Tuesday, 4 August 2015

Third bailout for Greece - at what price?

*** This was originally posted by me in The Teen Economists on 16th July 2015 ***

The land of olives. The country that gave us the Olympic Games. The birthplace of democracy...and now the sick man of Europe. We’ve all been watching the Greek tragedy unfold over the past few months. What an economic nightmare! My question here is; will the latest bailout really help the Greek people?


There are some positive aspects of the latest bailout. Greece could be privy to €50 billion from privatisation, which would go towards paying off debt and helping the Greek economy recover. The downside, though, is that the money would come from the selling off of some of the Greek government’s assets. Yes, the money is much-needed in the short-term but this measure means that some wealth is lost. In the long run the government may be losing a source of revenue.

In order to even have a third bailout seriously considered the Greek government had to pass a severe reforms bill in Parliament yesterday. This included harsh economic policies such as increasing VAT, other tax rises, as well as reducing pensions; the latter would be partly achieved by raising the pension age to 67. Unpalatable prospects for anyone but more so for the Greeks, who have been used to retirement at 62 and a lax tax enforcement system. Economically, labour would become more demotivated as less salary could be taken home. This could result in lower tax revenue for the government and reduced economic growth. Moreover, Greece may be subject to further spending cuts.

To further rub salt in the wound these reforms were passed through by a grand majority of 229 to 64. This is despite the Greek people voting against similar measures just one week previously in their referendum. Greece, the birthplace of democracy? Indeed. In fact, 32 members of the ruling Syriza party voted NO; an uncooperative government is neither a stable nor an efficient one. Political instability is a further turn-off to potential investors.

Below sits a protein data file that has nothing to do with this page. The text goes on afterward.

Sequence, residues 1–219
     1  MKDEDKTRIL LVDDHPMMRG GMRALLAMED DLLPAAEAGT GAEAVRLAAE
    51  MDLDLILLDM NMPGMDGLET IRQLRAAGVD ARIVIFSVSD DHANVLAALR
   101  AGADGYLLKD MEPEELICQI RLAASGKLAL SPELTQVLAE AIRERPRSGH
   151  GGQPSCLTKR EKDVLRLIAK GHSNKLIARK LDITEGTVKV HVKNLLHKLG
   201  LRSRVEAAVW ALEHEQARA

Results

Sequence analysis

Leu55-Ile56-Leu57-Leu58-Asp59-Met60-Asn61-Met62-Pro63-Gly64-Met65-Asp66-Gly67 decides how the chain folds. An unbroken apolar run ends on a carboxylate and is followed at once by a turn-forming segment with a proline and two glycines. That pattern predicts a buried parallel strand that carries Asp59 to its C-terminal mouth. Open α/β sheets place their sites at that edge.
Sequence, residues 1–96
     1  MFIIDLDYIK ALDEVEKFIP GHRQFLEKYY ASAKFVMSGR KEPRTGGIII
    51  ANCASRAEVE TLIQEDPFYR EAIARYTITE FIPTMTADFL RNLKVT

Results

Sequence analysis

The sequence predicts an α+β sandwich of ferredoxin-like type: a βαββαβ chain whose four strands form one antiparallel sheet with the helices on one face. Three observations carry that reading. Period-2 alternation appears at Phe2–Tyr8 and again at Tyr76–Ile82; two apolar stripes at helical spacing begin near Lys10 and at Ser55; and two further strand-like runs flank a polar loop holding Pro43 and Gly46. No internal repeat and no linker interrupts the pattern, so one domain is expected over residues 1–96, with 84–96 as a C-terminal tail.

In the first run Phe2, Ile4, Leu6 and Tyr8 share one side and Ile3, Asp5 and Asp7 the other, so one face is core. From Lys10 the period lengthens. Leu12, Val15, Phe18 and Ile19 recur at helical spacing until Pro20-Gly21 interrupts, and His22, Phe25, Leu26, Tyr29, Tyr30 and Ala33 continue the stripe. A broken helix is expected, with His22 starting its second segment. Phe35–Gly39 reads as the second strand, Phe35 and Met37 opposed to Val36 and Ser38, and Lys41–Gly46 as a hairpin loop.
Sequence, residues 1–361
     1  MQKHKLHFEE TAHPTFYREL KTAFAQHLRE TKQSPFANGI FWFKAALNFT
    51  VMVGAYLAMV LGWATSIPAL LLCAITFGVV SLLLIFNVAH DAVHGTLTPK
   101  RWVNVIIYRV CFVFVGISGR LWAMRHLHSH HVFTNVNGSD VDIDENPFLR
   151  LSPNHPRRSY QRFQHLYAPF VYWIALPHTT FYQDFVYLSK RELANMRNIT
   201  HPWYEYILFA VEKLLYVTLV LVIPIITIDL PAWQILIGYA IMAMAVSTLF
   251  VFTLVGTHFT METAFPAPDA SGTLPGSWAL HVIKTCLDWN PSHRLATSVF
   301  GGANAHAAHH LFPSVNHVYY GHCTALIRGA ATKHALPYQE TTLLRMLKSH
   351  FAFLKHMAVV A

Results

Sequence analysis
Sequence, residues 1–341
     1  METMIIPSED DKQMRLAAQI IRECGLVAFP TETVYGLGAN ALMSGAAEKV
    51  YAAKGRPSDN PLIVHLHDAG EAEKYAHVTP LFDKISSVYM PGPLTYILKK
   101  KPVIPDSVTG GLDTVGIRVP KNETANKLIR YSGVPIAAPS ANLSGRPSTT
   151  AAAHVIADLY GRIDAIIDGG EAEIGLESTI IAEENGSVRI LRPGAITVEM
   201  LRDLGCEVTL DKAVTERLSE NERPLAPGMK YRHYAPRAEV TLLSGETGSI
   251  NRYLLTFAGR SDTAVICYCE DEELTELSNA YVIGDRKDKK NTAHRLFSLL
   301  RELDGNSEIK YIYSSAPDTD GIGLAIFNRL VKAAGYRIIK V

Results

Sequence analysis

My verdict is that even with up to €86 billion coming in Greece will not be able to truly prosper. I accept that it will deal with the immediate issues of upcoming payments to their creditors. Following the parliamentary vote the European Central Bank (ECB) agreed to deliver urgent liquidity assistance to Greece’s banks. The banks may finally be able to reopen.

Yet in the long run Greeks will have to live under a huge burden of debt with a substantial amount of revenue going towards repayments. Former finance minister Yanis Varoufakis likened the current situation to the Treaty of Versailles. That, quite ironically, was when Germany was subject to huge reparations after the First World War – and after the Second World War still had more payments outstanding. Eventually some of Germany’s debt was written off and this allowed more of the government’s money to go on current and capital spending, thus boosting economic growth. This may have been one of the reasons why the International Monetary Fund (IMF) suggested some debt relief for Greece. However the idea was turned down by the other creditors; the European Commission and the ECB.

Was this the right move, considering that distinct parallels can be struck with post WW1 Germany? The Nazis rose to power in the Great Depression that followed the Wall Street Crash of 1929.  Greece is struggling in the aftermath of the global financial crisis of 2008-9. While there may not yet be an extremist party even close to being in charge it must be remembered that the seeds of extremism have been successfully sown in similar circumstances in the past.